Rochelle Greayer

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Hey There! I’m Rochelle Greayer. I’m a garden designer on TV and IRL. I’m also an author and entrepreneur who thinks she can save the world by teaching everyone a little something about landscape design.

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4/24/2014

Let’s Discuss Sesame Dregs Fertilizer

Sesame dregs fertilizer www.pithandvigor.com

I’m filling this vacation week with activities that I can simultaneously call productive (for me) and entertaining for my little people (it is spring break, we are home, and I’m doing the working mom juggle).  A visit to H-mart on a Wednesday afternoon with the specific purpose buying dog bones is a stretch, I know — but I was optimistic that Wednesday at H-mart, might be like Saturday at H-mart – a wonderland of exotic asian grocery store samples of things we would never dream of trying – mostly because the labels on the package are in utterly foreign logograms and we have nowhere to begin on the journey of preparing this stuff or the foggiest idea what is inside.  But the samples, they let you know what is not only good, but you can also watch how they make it.  If you have an H-Mart nearby, go there on a Saturday if you can – it will be crowded and insane – but it is an excellent adventure.

I wish they had some sort of sample demo thing going on for the bag of Sesame Dregs that I bought on impulse (yes, I am the type of person that will buy something foreign because it combines the words ‘dregs’ and ‘fertilizer’ together and I just can’t ignore my curiousity. – plus it was something like $2.50 for a 5 lb bag).   There aren’t a lot of words in English on this bag – ‘Sesame Dregs Fertilizer’, and ‘Nitrogen Rich’ round out the selection.   I thought for sure google would hold a wealth of answers when I returned home with my prize.  But no.

I have found precisely two references to this product —

There is apparently a place called Winterdoon in Tasmania who uses it to organically build up their Tasmainian soil for vegetable growing. They list some impressive NPK #’s (by comparison to other organic materials).

And then there is this post about Korean Natural Farming Methods which uses them in a version of Compost Tea.

So there it is — the sum total of information about my treasure.  It is exotic and remote and I am a little unsure what to do with this bag here in Massachusetts.  I see experiments in my future….

But surely there must be more — who knows anything about Sesame Dregs?

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  1. Genus

    April 30th, 2014 at 3:56 pm

    Hello!

    My husband does service calls near an H-Mart in Little Ferry, NJ and always goes in to see what “exotic” items are to be had. We’ve shopped there for the best/authentic soy sauce and other veges like bok choy which can’t be readily had in markets in our area. He saw this fertilizer and mentioned it, and promised to buy some the next time he visited the area. Today, he bought 2 bags of it, yes it was 80 oz for some incredibly low price! I grow all kinds of things in my backyard, in raised beds & greenhouse, in the middle of a “loud” city. LOL! I plan on trying it to see what how it works — yes, I too am one of those people who will try things, UNLESS they contain items I don’t prefer, shellfish & pork — so the Asian market is a “limited” experiment for me – as far as cooked for is concerned. I did discover quail eggs there and I absolutely LOVE them! So yes, its an adventure. Did you try the fertilizer yet?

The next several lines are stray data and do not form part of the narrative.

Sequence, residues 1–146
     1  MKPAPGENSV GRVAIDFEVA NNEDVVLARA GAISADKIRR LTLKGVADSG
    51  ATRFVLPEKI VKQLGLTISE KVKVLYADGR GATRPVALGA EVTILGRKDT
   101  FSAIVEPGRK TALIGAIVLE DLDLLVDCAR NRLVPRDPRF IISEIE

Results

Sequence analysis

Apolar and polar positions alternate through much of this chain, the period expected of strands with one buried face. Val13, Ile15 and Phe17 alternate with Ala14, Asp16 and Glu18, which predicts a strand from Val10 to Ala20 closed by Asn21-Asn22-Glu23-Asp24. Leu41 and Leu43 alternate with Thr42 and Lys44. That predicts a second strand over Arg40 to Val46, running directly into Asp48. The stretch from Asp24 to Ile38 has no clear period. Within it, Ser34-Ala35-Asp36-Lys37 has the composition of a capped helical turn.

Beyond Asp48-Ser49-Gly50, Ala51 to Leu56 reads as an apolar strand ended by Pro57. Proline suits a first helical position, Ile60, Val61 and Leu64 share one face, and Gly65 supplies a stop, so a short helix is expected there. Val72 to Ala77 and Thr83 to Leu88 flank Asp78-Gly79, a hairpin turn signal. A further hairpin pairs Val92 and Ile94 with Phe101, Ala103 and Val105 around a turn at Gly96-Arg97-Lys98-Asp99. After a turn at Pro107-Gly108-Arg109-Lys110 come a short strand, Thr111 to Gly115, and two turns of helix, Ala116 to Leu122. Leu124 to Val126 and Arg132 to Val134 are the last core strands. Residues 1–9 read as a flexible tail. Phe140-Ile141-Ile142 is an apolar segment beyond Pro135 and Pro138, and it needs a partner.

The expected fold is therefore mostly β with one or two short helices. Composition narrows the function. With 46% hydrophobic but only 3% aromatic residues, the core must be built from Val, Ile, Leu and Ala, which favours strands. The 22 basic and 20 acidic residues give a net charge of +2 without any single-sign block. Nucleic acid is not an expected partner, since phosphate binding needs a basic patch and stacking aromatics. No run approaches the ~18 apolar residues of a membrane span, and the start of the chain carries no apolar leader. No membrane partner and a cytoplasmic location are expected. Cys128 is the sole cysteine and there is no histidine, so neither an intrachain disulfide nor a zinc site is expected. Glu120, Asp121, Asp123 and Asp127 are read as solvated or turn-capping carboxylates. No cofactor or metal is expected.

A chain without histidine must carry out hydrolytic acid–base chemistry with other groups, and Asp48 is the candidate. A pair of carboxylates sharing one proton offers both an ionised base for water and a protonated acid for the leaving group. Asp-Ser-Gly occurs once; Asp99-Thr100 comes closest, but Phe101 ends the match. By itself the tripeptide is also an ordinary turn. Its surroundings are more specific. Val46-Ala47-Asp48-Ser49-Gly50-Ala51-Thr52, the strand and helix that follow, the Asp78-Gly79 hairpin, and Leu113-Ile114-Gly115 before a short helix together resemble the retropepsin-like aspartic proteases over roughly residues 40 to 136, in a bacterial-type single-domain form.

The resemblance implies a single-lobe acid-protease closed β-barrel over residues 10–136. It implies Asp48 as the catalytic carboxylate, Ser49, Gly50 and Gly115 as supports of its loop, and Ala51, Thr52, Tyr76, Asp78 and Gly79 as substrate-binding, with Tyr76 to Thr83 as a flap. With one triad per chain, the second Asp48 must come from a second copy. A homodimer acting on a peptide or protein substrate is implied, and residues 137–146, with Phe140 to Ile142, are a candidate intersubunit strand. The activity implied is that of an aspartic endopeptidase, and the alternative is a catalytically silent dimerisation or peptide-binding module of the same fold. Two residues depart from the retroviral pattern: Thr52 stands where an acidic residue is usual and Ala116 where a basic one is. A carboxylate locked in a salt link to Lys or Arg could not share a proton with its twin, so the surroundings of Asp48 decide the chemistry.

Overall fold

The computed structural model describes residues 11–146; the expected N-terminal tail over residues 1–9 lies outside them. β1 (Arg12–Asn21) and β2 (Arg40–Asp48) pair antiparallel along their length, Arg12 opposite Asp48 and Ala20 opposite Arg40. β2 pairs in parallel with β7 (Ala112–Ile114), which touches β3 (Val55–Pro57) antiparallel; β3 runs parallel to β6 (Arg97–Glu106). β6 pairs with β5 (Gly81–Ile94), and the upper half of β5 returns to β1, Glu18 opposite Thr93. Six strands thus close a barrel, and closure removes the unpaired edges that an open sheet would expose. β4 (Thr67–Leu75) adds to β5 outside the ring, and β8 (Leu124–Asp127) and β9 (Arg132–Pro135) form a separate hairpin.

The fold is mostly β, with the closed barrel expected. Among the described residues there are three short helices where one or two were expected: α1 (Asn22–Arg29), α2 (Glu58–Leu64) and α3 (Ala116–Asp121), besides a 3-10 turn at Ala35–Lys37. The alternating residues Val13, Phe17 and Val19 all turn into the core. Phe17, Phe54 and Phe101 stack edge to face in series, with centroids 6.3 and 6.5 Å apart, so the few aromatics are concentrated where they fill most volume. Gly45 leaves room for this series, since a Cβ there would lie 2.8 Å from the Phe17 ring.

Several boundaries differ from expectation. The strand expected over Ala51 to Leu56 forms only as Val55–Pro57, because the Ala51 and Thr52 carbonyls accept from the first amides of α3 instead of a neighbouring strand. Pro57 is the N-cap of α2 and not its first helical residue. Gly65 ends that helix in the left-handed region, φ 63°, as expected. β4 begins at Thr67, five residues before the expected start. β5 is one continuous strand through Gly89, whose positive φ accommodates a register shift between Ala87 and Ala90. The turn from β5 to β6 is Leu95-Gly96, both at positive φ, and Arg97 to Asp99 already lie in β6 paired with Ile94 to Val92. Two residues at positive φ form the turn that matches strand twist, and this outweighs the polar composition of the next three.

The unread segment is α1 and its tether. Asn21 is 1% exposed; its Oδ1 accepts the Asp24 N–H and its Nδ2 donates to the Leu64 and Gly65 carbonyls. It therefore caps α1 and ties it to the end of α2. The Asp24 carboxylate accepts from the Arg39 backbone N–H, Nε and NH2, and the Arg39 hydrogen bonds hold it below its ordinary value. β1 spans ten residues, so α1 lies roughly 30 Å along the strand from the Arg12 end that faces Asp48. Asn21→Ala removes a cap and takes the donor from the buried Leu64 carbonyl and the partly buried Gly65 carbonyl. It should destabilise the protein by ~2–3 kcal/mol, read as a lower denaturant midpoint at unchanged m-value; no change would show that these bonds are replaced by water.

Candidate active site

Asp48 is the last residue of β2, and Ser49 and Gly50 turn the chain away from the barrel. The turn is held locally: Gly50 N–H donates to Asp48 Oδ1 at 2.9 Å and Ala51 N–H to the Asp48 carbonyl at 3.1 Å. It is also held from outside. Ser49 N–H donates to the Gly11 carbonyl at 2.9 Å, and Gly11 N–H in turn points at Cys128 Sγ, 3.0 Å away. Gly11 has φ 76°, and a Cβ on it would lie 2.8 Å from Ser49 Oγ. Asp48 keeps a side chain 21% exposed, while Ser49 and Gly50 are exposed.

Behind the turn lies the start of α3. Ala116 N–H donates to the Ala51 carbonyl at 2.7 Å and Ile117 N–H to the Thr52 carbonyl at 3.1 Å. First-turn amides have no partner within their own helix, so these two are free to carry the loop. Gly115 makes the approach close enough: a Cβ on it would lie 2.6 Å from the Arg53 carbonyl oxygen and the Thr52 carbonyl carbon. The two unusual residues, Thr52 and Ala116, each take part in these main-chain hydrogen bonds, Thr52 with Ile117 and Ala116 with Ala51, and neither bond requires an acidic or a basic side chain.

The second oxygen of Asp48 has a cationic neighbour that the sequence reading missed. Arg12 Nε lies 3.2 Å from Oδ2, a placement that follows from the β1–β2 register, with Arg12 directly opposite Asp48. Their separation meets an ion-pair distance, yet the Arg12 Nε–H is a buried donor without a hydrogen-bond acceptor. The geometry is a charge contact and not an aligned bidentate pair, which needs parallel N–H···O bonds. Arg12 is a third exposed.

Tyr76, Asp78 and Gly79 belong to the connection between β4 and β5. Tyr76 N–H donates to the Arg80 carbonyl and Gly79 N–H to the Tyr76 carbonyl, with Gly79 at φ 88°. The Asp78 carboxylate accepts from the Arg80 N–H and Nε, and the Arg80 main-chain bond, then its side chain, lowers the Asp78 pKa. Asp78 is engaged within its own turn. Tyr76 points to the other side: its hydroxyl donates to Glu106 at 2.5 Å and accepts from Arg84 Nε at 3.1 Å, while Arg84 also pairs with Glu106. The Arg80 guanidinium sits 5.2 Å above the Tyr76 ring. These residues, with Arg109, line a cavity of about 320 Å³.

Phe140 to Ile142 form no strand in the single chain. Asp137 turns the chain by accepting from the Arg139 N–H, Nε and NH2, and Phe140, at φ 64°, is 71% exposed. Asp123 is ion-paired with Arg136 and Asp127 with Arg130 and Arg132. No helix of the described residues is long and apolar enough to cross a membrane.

2. rochelle

    April 30th, 2014 at 4:20 pm

    Genus– I love that you are trying out the fertilizer too. I bought it because it is just something I haven’t seen before…and am always interested in an experiment….I haven’t quite figured out what do with them yet though… would love to hear your results once you have tried them out….come back and tell how it went?

  3. Genus

    May 2nd, 2014 at 4:37 pm

    Hi there:

    I think I’m going to make some compost tea out of it and try it on my kale thats been struggling. All of my stuff is in containers or in my greenhouse in containers so I can at least isolate it and make a comparison. Stay tuned . . .

  4. Joan McDaniel

    May 8th, 2015 at 9:47 pm

    I just bought this mysterious bag of fertilizer from my local Korean market. I bought something very much like it last year except it was labeled Sesame seed hulls and indeed there were empty sesame seed hulls in the bag. This is labeled dregs there may be some hulls I can’t tell. Well, I am new a gardening and last year expanded my gardening to include some unique vegetables like cabbage etc. I put this stuff in the soil, Shortly I had the biggest cabbage, beets, Brussel sprouts and everything else. I attributed it to this magic fertilizer. I check all over the Internet and found nothing. No one in the store knew what I was talking about or they didn’t know English they just kept saying fertilizer. I heard the soil needs nitrogen this stuff must be loaded with it.
    I sure hope this years bag of dregs is anything like the bag of hulls last year. You can take my word for it vegetables love it and I loved the vegetables.

  5. Genus

    August 14th, 2015 at 12:46 am

    Hi Joan!

    Just saw your post. I did try the sesame dregs compost tea in my kale and it survived winter in the greenhouse and thrived quite nicely! It appears that its high in nitrogen which explains why my tomatoes had so many leaves but not that many blooms.

    I have a new Asian market I visit, and neglected to ask the Korean grocer how to use the extra bag I have. I will do so this week when I go to buy salmon belly (yum!) http://chopinandmysaucepan.com/pan-seared-salmon-belly

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